8. 8.
    Spek A, Strittmatter F, Graser A, Kufer P, Stief C, Staehler M (2016) Dual energy can accurately differentiate uric acid-containing urinary calculi from calcium stones. World J Urol 34(9):1297–1302. CrossRefGoogle Scholar
  9. 9.
    Deak PD, Smal Y, Kalender WA (2010) Multisection CT protocols: sex- and age-specific conversion factors used to determine effective dose from dose-length product. Radiology 257(1):158–166. CrossRefGoogle Scholar
  10. 10.
    Chaytor RJ, Rajbabu K, Jones PA, McKnight L (2016) Determining the composition of urinary tract calculi using stone-targeted dual-energy CT: evaluation of a low-dose scanning protocol in a clinical environment. Br J Radiol 89(1067):20160408. CrossRefGoogle Scholar
  11. 11.
    Bonatti M, Lombardo F, Zamboni GA, Pernter P, Pycha A, Mucelli RP, Bonatti G (2017) Renal stones composition in vivo determination: comparison between 100/Sn140 kV dual-energy CT and 120 kV single-energy CT. Urolithiasis 45(3):255–261. CrossRefGoogle Scholar
  12. 12.
    Lombardo F, Bonatti M, Zamboni GA, Avesani G, Oberhofer N, Bonelli M, Pycha A, Pozzi Mucelli R, Bonatti G (2017) Uric acid versus non-uric acid renal stones: in vivo differentiation with spectral CT. Clin Radiol 72(6):490–496. CrossRefGoogle Scholar
  13. 13.
    Wilhelm K, Schoenthaler M, Hein S, Adams F, Schlager D, Kuehhas FE, Sevcenco S, Pache G, Langer M, Bulla S, Miernik A (2015) Focused dual-energy CT maintains diagnostic and compositional accuracy for urolithiasis using ultralow-dose noncontrast CT. Urology 86(6):1097–1102. CrossRefGoogle Scholar
  14. 14.
    Akand M, Koplay M, Islamoglu N, Gul M, Kilic O, Erdogdu MB (2016) Role of dual-source dual-energy computed tomography versus X-ray crystallography in prediction of the stone composition: a retrospective non-randomized pilot study. Int Urol Nephrol 48(9):1413–1420. CrossRefGoogle Scholar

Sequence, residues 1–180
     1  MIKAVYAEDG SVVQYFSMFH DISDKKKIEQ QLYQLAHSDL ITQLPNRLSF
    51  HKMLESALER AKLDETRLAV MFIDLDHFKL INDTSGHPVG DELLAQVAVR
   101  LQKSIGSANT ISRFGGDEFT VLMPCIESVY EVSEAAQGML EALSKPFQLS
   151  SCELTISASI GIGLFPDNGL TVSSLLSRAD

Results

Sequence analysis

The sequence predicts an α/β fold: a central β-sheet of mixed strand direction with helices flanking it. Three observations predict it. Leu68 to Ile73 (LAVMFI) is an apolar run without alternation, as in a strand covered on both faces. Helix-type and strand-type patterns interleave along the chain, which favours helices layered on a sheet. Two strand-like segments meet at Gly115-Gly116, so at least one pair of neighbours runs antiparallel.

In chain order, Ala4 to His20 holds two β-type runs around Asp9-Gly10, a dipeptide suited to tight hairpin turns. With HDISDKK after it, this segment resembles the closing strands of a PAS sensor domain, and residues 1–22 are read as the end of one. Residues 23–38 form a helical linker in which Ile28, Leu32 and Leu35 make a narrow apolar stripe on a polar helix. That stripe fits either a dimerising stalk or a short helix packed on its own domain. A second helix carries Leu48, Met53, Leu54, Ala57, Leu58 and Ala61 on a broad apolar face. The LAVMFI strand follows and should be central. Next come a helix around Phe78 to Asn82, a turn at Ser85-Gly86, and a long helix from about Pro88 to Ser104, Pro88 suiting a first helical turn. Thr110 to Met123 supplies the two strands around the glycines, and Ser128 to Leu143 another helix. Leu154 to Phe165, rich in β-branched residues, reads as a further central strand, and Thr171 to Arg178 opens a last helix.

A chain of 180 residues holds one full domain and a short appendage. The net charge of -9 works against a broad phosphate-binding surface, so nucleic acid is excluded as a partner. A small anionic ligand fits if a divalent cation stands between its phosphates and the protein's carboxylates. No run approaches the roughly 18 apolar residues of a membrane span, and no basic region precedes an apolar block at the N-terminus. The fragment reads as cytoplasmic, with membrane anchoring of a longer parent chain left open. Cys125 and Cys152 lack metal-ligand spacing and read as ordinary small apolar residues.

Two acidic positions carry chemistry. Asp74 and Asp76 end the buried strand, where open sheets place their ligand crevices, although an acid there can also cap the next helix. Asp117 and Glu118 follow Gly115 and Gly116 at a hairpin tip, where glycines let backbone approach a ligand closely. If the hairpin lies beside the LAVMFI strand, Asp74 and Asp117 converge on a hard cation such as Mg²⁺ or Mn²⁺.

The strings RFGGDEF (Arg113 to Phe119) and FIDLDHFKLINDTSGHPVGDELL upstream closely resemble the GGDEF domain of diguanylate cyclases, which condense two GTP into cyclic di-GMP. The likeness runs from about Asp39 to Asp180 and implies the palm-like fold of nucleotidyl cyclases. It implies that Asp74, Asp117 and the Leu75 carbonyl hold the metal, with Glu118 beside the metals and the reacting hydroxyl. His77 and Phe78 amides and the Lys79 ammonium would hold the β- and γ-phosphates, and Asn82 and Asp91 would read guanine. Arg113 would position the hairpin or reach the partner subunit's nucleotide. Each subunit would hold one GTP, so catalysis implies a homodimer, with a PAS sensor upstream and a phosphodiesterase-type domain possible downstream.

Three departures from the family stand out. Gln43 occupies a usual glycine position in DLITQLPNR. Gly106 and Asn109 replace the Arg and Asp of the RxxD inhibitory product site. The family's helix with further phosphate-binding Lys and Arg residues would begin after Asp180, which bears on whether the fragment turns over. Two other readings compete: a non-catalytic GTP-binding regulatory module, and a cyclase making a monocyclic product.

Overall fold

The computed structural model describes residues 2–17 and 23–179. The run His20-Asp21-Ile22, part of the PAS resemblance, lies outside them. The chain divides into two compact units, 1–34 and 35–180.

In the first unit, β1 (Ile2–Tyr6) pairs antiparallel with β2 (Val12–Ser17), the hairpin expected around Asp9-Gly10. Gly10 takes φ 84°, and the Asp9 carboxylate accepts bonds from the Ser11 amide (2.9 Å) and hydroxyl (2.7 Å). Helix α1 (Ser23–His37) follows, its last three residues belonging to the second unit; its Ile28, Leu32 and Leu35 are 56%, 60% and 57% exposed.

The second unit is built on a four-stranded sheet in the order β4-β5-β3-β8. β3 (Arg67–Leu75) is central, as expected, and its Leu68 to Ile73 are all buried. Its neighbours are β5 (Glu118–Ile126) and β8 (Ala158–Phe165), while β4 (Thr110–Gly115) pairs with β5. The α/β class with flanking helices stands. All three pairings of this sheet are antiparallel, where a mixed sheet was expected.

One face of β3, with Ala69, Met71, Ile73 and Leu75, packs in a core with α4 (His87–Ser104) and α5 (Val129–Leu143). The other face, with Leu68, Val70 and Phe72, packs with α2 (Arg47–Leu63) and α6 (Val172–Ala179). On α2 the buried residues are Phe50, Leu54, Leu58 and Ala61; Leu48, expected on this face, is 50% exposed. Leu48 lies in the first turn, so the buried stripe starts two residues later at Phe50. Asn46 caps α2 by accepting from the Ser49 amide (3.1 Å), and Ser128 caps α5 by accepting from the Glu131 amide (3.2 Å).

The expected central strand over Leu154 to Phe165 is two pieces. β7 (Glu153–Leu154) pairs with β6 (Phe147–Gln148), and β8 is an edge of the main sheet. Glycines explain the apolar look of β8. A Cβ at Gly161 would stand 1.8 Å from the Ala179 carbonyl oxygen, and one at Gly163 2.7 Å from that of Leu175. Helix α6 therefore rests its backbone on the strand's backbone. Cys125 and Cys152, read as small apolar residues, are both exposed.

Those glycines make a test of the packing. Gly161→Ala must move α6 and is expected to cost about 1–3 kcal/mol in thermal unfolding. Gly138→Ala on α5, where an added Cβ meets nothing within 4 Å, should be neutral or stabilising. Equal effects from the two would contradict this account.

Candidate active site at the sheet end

15. 15.
    Zheng X, Liu Y, Li M, Wang Q, Song B (2016) Dual-energy computed tomography for characterizing urinary calcified calculi and uric acid calculi: a meta-analysis. Eur J Radiol 85(10):1843–1848. CrossRefGoogle Scholar
  16. 16.
    Wisenbaugh ES, Paden RG, Silva AC, Humphreys MR (2014) Dual-energy vs conventional computed tomography in determining stone composition. Urology 83(6):1243–1247. CrossRefGoogle Scholar
  17. 17.
    Jepperson MA, Cernigliaro JG, Sella D, Ibrahim E, Thiel DD, Leng S, Haley WE (2013) Dual-energy CT for the evaluation of urinary calculi: image interpretation, pitfalls and stone mimics. Clin Radiol 68(12):e707–e714. CrossRefGoogle Scholar
  18. 18.
    Reichard C, Gill BC, Sarkissian C, De S, Monga M (2015) 100% uric acid stone formers: what makes them different? Urology 85(2):296–298. CrossRefGoogle Scholar
  19. 19.
    Coe FL (1983) Uric acid and calcium oxalate nephrolithiasis. Kidney Int 24(3):392–403CrossRefGoogle Scholar
  20. 20.
    Thomas C, Heuschmid M, Schilling D, Ketelsen D, Tsiflikas I, Stenzl A, Claussen CD, Schlemmer HP (2010) Urinary calculi composed of uric acid, cystine, and mineral salts: differentiation with dual-energy CT at a radiation dose comparable to that of intravenous pyelography. Radiology 257(2):402–409. CrossRefGoogle Scholar
  21. 21.
    Jepperson MA, Cernigliaro JG, el Ibrahim SH, Morin RL, Haley WE, Thiel DD (2015) In vivo comparison of radiation exposure of dual-energy CT versus low-dose CT versus standard CT for imaging urinary calculi. J Endourol 29(2):141–146. CrossRefGoogle Scholar
  22. 22.
    Franken A, Gevenois PA, Muylem AV, Howarth N, Keyzer C (2018) In vivo differentiation of uric acid versus non-uric acid urinary calculi with third-generation dual-source dual-energy CT at reduced radiation dose. AJR Am J Roentgenol 210(2):358–363. CrossRefGoogle Scholar

Copyright information

© Springer-Verlag GmbH Germany, part of Springer Nature 2018

Authors and Affiliations

  1. 1.Department of UrologyFederal Armed Services Hospital KoblenzKoblenzGermany
  2. 2.Department of RadiologyFederal Armed Services Hospital KoblenzKoblenzGermany
  3. 3.Department of UrologyBarmherzige Brueder Hospital TrierTrierGermany
  4. 4.Martini-Clinic Prostate Cancer CenterUniversity Hospital Hamburg-EppendorfHamburgGermany
  5. 5.Department of UrologyAsklepios Hospital BarmbekHamburgGermany

Personalised recommendations